13. 13. MEASUREMENT: START WITH THE BASICS <ul><li>Examples of things to measure </li></ul><ul><ul><li>Most clicked tweets (Hootsuite, bit.ly) </li></ul></ul><ul><ul><li>Re-tweeted tweets (Patterns? Popular topics?) </li></ul></ul><ul><ul><li>Offline/ personal interactions </li></ul></ul><ul><ul><ul><li>@ replies and DMs may lead to new customers/business partners </li></ul></ul></ul><ul><ul><ul><li>“ Expert” requests (media interviews, guest blogging opportunities, editorial board positions, etc.) </li></ul></ul></ul><ul><ul><li>Number of followers (with caution) </li></ul></ul><ul><li>Example measurable objective </li></ul><ul><ul><li>Increase RTs per 1,000 followers from 0.5 % in Q1 to 10% by the end of Q2.* </li></ul></ul>*Example from Don Bartholomew ( link )
    14. 14. MEASUREMENT: FREE TOOLS <ul><li>Some popular options </li></ul><ul><ul><li>Hootsuite – track clicks, mentions </li></ul></ul><ul><ul><li>TweetDeck – track mentions, retweets </li></ul></ul><ul><ul><li>Klout – scores for reach, amplification and network </li></ul></ul><ul><ul><li>OneForty.com – social business hub </li></ul></ul><ul><ul><li>Twitalyzer </li></ul></ul><ul><li>Cautions: </li></ul><ul><ul><li>General consensus is that none of these tools is a catch-all (yet). Use a couple of them, but trust your own criteria first. </li></ul></ul><ul><ul><li>Free tools may not remain that way, and there’s no guarantee they will continue to exist. </li></ul></ul>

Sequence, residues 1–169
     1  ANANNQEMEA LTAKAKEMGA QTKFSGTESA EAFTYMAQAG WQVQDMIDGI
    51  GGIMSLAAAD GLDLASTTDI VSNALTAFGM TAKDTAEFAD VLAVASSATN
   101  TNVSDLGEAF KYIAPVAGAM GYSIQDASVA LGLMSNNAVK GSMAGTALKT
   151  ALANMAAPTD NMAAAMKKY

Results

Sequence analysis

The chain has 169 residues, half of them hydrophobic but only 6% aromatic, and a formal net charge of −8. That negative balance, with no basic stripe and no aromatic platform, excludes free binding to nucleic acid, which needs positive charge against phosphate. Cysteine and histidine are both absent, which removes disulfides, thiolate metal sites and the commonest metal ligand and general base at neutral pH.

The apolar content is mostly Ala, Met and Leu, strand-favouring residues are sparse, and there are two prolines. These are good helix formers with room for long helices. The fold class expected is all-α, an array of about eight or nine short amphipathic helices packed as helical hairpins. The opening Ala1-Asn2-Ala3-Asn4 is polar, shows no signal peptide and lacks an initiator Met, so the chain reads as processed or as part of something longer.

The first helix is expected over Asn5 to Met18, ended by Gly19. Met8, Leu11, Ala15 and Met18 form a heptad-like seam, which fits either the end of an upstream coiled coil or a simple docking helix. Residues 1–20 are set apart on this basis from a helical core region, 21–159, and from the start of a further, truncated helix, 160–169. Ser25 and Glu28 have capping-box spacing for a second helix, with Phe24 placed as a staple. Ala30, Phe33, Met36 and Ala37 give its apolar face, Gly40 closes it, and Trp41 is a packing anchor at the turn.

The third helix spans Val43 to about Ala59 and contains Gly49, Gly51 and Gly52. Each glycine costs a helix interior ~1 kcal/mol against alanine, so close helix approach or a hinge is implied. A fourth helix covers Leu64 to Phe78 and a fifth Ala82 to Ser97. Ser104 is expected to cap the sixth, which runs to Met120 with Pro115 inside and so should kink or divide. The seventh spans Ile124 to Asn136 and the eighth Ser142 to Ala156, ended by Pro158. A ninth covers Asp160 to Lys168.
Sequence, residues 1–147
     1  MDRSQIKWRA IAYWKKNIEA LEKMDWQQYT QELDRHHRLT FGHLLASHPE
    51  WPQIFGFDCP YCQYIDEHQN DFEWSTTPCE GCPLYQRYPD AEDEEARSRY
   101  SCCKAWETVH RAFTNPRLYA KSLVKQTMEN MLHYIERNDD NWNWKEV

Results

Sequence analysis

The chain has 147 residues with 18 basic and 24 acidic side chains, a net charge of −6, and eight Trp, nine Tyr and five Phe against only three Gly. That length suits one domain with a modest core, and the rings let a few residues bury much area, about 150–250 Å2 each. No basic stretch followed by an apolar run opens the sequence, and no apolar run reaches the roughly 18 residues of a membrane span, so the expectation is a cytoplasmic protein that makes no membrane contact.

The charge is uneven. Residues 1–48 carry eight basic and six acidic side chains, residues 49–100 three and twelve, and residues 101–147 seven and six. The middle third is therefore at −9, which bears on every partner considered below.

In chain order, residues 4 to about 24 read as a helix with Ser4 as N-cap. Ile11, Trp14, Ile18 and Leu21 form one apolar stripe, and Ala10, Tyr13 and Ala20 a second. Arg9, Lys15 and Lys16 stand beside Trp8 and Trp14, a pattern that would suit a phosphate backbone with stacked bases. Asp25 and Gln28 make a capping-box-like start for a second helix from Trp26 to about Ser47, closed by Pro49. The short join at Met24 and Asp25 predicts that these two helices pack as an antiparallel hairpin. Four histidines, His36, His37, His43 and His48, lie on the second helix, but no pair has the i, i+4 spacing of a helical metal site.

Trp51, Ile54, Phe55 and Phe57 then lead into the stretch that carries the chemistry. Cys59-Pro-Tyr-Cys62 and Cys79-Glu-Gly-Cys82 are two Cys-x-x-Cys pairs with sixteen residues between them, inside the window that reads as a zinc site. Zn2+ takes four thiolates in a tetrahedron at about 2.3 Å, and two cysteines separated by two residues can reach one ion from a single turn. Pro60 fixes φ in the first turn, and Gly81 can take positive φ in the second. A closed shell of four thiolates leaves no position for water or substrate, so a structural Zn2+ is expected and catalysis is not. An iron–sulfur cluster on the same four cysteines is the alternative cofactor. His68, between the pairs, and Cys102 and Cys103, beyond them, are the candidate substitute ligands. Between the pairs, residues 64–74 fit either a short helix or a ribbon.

15. 15. Hootsuite measurement screenshot
    16. 16. Klout measurement screenshots
    17. 17. “ ADVANCED MISTAKES” <ul><li>Just because you can, doesn’t mean you should </li></ul>
    18. 18. “ ADVANCED MISTAKES” <ul><li>Don’t overthink Twitter </li></ul><ul><li>Don’t just talk about yourself </li></ul>